When we arrived back in the MRI suite, the technician was waiting for us. She had pulled two of the waiting room chairs close together (there were only three chairs in the room, and they had each been in a corner). She had us sit down, and then told us that our ophthalmologist was on his way over. She then disappeared into her office, leaving Hannah and I looking at each other questioningly. Before we even had a chance to say much to each other, she reappeared, telling me that our ophthalmologist was on the phone and wanted to talk to me. I stepped into her office and shut the door, leaving Hannah alone in the waiting room, and picked up the phone. Now, I need to stop here and explain that our ophthalmologist was a good friend of ours...a friend from college, who sang in our wedding over twenty years ago. In a very calm voice, Tommy explained to me that the MRI showed something...he needed to talk to the radiologist before he could tell me more...but it was something that was going to require treatment. He was on his way to the hospital to talk to the radiologist and then was coming to meet with me. I asked him if Hannah should be included in this meeting, and he said that was up to me. I knew in an instant that Hannah needed to be a part of this meeting...I knew she would have lots of questions that I wouldn't be able to answer, and I knew she would want to know exactly what was going on.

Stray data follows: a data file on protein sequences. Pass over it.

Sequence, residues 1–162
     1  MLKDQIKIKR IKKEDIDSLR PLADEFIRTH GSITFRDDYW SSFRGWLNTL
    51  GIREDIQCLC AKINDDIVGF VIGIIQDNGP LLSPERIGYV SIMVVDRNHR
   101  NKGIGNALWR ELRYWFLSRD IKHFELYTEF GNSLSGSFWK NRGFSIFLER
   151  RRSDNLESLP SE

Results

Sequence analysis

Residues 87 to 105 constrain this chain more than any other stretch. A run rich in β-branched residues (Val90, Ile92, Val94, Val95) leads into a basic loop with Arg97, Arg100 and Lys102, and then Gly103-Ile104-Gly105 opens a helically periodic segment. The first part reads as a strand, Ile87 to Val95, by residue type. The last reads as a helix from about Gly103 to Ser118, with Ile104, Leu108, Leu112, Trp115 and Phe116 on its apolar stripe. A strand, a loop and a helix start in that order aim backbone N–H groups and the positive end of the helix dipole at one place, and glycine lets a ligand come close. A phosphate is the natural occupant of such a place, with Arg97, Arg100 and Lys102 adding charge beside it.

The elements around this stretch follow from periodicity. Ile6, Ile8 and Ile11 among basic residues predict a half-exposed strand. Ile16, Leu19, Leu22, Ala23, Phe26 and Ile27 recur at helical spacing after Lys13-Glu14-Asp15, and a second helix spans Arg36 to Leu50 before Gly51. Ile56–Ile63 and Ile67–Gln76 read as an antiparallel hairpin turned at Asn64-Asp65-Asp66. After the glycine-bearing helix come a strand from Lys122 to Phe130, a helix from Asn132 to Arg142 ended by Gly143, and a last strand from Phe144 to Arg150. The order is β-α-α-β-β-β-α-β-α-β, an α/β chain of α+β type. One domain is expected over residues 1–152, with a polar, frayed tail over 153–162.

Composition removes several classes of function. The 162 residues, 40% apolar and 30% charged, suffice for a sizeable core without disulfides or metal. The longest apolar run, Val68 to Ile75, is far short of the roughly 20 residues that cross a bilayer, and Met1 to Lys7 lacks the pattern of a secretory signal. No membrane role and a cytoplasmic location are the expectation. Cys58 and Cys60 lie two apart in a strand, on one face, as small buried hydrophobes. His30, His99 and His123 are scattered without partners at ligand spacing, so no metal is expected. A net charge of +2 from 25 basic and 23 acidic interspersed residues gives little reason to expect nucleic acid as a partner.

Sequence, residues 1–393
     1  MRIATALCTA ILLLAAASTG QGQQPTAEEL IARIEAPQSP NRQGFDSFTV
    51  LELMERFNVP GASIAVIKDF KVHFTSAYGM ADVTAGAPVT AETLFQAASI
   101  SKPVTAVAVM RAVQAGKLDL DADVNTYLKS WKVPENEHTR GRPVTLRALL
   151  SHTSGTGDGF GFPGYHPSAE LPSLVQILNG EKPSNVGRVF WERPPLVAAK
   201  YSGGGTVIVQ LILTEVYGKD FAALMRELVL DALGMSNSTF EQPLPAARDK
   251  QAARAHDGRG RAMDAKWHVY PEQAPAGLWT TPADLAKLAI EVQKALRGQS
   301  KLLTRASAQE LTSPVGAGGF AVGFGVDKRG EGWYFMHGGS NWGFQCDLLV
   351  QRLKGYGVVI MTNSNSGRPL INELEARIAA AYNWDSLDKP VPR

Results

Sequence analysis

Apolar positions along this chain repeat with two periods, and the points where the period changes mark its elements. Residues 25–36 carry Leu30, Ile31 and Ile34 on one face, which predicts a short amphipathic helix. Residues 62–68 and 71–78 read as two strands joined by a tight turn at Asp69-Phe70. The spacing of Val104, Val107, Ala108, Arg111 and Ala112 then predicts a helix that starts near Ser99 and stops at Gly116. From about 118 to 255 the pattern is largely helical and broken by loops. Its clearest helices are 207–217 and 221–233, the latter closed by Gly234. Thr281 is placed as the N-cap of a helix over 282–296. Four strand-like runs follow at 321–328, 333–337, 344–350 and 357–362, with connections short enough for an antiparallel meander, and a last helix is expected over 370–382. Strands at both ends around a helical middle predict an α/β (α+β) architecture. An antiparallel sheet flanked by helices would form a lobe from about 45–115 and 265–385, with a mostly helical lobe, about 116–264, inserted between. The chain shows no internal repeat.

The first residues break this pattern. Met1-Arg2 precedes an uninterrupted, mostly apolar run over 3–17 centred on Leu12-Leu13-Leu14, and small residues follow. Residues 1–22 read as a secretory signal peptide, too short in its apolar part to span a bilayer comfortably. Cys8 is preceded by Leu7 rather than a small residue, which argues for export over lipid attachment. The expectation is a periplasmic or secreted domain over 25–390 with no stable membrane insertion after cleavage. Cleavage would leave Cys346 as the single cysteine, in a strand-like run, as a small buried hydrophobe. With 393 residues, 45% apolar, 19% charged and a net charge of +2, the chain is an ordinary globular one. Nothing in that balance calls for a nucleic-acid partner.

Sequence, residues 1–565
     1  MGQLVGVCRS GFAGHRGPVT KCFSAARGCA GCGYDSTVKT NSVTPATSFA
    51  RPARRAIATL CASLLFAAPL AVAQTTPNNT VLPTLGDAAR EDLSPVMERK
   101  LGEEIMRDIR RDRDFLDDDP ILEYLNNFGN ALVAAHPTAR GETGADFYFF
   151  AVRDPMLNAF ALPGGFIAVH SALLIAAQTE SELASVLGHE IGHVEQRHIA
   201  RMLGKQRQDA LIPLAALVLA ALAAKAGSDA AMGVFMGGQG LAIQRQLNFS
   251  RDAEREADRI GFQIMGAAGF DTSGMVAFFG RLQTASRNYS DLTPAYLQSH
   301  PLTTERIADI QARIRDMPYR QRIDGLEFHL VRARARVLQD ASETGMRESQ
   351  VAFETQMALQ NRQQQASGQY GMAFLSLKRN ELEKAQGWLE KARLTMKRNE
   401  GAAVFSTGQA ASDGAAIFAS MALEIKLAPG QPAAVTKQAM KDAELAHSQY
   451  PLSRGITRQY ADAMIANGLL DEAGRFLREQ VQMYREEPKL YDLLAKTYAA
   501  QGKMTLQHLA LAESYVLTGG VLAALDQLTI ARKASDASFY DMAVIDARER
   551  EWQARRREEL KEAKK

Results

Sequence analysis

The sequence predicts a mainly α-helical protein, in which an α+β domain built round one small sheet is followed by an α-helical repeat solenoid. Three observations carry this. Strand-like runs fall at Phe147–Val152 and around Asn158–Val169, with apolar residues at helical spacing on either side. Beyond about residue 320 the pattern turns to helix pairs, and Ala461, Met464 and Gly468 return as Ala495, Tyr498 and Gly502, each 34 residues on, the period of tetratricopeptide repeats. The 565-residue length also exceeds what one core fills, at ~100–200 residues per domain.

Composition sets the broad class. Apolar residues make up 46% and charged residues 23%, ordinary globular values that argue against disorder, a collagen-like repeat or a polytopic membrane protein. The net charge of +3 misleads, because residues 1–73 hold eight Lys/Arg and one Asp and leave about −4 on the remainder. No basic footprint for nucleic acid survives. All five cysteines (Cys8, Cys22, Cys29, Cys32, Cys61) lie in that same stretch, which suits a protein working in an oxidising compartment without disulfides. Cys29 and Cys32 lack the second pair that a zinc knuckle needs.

I hung up the phone with Tommy, and saw the technician sitting there crying. She stopped me before I went back out to talk to Hannah and asked if I was okay. Well, I was, until she asked that question. Not really okay, but at least holding it together. I don't remember what all she said, but she was very kind as I pulled myself together and stepped back out into the waiting room where Hannah was sitting alone. By this time, she knew something was up, and I told her that something had showed up on the MRI and Tommy was on his way to talk to us about it. We cried a few tears, but held it together for the most part. While we were waiting, I showed her the magazine from 1987, and we actually laughed at some of the ads and articles.